|Publication number||US5529835 A|
|Application number||US 08/096,472|
|Publication date||Jun 25, 1996|
|Filing date||Jul 22, 1993|
|Priority date||Feb 22, 1991|
|Also published as||US5271992|
|Publication number||08096472, 096472, US 5529835 A, US 5529835A, US-A-5529835, US5529835 A, US5529835A|
|Inventors||Philip R. Siener, Jr., Peter H. Scott|
|Original Assignee||Cooley, Incorporated|
|Export Citation||BiBTeX, EndNote, RefMan|
|Patent Citations (5), Referenced by (5), Classifications (29), Legal Events (7)|
|External Links: USPTO, USPTO Assignment, Espacenet|
This application is a division, of application Ser. No. 659,880, filed Feb. 22, 1991 now U.S. Pat. No. 5,271,992.
The field of the invention is illuminated signs and awnings.
Illuminated signs are known in which contrast is provided by selectively eradicating certain areas of one layer to expose corresponding areas of a layer of contrasting color, and in which the resultant signs are protected by a superposed layer of transparent material.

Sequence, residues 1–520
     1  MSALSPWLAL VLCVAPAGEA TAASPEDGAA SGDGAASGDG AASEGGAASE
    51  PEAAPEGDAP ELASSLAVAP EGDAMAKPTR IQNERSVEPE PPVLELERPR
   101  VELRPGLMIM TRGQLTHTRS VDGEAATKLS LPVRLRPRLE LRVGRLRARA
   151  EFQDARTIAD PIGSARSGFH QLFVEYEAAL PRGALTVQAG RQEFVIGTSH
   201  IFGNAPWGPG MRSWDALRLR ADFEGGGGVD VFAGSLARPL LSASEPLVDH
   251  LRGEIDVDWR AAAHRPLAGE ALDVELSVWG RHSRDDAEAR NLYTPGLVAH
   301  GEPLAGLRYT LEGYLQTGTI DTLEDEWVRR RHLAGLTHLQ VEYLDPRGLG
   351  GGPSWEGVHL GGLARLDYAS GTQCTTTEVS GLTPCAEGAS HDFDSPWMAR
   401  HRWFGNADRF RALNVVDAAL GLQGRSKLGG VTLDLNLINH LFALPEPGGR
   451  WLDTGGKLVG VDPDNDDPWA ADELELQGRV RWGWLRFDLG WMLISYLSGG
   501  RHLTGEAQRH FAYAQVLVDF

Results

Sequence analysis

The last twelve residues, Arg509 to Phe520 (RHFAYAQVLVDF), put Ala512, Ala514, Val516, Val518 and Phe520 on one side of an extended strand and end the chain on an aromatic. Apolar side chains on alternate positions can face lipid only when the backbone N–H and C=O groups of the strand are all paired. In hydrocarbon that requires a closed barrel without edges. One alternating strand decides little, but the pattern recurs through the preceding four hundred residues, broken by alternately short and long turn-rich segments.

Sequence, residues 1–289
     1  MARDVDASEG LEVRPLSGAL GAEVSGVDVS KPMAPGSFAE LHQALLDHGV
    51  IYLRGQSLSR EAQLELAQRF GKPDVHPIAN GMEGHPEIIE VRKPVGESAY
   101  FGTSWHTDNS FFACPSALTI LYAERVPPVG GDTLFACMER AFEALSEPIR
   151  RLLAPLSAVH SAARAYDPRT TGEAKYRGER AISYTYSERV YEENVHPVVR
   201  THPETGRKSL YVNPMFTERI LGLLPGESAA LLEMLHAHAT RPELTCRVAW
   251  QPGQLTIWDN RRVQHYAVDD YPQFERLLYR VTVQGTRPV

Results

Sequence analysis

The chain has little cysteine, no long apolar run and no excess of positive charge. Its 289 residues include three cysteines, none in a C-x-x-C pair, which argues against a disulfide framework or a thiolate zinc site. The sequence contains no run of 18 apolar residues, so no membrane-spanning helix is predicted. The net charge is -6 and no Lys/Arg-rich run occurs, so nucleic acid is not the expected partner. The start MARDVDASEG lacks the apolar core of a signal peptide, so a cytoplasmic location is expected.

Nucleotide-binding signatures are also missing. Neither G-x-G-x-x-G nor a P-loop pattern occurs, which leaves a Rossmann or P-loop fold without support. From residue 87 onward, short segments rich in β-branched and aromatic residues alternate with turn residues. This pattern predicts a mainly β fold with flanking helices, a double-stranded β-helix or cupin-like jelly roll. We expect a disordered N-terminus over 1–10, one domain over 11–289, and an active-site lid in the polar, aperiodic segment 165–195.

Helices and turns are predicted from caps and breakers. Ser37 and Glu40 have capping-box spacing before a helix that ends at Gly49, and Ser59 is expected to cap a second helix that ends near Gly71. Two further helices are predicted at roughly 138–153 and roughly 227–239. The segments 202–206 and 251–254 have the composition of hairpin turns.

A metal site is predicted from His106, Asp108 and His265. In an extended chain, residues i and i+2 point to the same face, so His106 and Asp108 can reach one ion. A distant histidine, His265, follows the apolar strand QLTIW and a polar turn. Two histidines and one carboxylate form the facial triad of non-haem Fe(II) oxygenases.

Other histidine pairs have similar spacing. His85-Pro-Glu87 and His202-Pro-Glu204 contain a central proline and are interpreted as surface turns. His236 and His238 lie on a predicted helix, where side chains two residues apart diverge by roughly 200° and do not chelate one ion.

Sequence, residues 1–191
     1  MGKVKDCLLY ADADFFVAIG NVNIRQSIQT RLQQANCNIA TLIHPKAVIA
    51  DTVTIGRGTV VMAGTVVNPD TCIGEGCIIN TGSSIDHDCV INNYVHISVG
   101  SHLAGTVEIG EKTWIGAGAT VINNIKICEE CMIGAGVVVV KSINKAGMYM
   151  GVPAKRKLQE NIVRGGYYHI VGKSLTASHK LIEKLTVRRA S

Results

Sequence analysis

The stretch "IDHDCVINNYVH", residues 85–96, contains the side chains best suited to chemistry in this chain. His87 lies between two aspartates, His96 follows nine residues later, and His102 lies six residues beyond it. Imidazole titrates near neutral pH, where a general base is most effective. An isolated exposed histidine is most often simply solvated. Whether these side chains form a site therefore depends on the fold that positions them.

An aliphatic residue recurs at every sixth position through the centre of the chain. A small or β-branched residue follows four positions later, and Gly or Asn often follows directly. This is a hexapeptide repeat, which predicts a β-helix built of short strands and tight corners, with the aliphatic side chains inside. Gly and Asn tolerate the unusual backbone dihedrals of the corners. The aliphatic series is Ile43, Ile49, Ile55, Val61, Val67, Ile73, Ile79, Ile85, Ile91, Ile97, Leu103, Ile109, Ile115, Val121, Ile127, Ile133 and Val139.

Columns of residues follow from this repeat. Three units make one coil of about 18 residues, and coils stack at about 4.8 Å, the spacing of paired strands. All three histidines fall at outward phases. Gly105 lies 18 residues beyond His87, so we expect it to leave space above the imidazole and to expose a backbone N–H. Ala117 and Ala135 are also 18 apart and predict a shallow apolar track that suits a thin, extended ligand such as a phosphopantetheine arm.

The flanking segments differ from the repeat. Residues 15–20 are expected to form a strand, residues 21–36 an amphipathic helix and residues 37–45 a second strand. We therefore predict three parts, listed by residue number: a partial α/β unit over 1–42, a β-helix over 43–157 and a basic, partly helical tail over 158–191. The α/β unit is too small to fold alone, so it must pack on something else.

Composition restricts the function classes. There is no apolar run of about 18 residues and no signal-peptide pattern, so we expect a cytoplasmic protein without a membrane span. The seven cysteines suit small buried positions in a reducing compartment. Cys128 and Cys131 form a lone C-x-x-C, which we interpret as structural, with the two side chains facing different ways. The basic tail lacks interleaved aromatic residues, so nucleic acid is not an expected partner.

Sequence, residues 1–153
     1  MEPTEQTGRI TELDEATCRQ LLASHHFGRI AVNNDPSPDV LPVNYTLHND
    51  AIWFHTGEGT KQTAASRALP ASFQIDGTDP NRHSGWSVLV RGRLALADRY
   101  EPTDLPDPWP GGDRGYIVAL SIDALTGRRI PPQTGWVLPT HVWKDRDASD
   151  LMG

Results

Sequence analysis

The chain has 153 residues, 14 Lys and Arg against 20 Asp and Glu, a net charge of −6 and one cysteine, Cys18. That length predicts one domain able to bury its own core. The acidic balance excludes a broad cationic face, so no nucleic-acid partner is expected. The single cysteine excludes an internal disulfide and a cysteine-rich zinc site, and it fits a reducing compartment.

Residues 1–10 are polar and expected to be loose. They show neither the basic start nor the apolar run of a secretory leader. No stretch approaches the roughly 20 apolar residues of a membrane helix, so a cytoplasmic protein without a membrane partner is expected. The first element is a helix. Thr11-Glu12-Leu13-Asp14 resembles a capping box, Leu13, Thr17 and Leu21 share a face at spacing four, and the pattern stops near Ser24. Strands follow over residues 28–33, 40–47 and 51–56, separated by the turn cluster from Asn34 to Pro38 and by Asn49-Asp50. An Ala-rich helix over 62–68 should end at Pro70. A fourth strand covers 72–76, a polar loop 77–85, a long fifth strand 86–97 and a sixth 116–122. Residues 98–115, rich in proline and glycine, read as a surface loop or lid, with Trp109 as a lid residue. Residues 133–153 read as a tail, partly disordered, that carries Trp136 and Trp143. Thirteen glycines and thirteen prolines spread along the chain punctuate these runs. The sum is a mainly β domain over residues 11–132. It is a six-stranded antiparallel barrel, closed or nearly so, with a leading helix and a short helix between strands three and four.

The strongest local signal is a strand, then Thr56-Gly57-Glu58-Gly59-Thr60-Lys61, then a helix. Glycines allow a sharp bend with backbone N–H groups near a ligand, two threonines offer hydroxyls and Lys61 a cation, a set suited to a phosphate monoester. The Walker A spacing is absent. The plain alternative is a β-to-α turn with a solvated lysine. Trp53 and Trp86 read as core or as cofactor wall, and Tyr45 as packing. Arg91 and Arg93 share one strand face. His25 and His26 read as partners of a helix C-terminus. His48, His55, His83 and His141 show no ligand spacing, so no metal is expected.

We have discovered that an improved laminar sheet construction particularly adapted to use in making illuminated signs may be provided by providing between a base layer and an eradicable layer of contrasting color an ineradicable barrier layer.
In preferred embodiments, a base layer includes reinforcement with a layer of weft insertion process fabric between two adherent layers of translucent vinyl, barrier layers adherently overlie both surfaces of the base layer, a pigmented eradicable material layer overlies one of said barrier layers, and a third (eradicable) barrier layer overlies the pigmented layer.